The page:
Although better remembered today for his tales of the mythical land of Narnia, the so-called “Space Trilogy” of C. S. Lewis has remained of great interest to students of the thought of the Oxford don who moonlighted as a Christian apologist.
A generation ago, Lewis’ nonfiction works such as Mere Christianity and Surprised by Joy were of primary significance for those individuals engaged in substantive reflection on his thought. Nevertheless, the fictional works that gave expression to Lewis’ worldview never lagged far behind in sales and readership. In fact, today Lewis’ apologetic writings have been eclipsed in the public spotlight by his works of fiction, even as he remains prominent among in the ranks of the 20th century Christian apologists.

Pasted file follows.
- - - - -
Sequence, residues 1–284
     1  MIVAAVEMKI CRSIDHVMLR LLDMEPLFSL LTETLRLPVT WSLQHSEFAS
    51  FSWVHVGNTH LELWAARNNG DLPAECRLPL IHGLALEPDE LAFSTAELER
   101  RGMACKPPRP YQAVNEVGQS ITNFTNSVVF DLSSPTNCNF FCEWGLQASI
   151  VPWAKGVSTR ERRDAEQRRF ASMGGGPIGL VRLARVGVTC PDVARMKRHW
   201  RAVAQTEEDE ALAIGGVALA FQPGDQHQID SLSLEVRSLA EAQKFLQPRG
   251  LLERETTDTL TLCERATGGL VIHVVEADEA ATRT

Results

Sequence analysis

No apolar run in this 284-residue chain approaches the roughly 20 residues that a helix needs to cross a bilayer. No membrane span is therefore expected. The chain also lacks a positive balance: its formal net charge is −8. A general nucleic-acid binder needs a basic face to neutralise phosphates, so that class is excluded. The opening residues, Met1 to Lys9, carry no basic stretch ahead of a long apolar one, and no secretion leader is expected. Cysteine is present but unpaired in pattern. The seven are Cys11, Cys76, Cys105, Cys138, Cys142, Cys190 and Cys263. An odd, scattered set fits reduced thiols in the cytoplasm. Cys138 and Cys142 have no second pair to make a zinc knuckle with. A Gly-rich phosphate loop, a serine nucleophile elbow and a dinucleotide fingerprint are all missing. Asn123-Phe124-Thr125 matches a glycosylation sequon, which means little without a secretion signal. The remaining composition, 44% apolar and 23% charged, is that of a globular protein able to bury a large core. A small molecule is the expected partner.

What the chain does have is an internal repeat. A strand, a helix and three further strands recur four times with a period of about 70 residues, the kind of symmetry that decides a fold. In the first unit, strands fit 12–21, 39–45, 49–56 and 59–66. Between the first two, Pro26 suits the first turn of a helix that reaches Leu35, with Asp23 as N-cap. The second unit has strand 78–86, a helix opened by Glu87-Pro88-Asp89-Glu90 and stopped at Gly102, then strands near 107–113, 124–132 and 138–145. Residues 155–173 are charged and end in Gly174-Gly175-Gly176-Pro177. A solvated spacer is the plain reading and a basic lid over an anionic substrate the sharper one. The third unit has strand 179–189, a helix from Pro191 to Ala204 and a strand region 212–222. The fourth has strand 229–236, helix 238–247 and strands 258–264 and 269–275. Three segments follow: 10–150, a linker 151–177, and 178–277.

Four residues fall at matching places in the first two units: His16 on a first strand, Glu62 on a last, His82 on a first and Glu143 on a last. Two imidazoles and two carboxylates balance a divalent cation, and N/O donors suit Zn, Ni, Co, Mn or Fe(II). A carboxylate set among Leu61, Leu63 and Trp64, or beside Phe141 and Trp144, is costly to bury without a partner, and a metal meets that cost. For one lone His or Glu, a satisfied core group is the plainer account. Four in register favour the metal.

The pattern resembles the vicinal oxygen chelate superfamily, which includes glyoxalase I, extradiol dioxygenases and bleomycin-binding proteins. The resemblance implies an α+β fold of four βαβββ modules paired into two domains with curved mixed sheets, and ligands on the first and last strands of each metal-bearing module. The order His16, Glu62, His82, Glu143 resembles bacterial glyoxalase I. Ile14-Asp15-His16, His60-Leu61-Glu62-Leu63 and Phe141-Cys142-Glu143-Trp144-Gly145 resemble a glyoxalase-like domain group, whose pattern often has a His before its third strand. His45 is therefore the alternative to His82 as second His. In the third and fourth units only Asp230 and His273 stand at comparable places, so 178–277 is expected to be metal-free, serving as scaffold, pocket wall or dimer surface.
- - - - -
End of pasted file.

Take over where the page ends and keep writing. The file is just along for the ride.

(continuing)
The release of three movies (The Lion, the Witch and the Wardrobe , Prince Caspian , and The Voyage of the Dawntreader ) based on adaptations of books from Lewis‘ Narnia series has focused popular attention on the seven books of that series, particularly since the books were written primarily for a younger audience and provide further grist for a movie market thriving on adaptations of the Harry Potter books and other magical or fantastical works.
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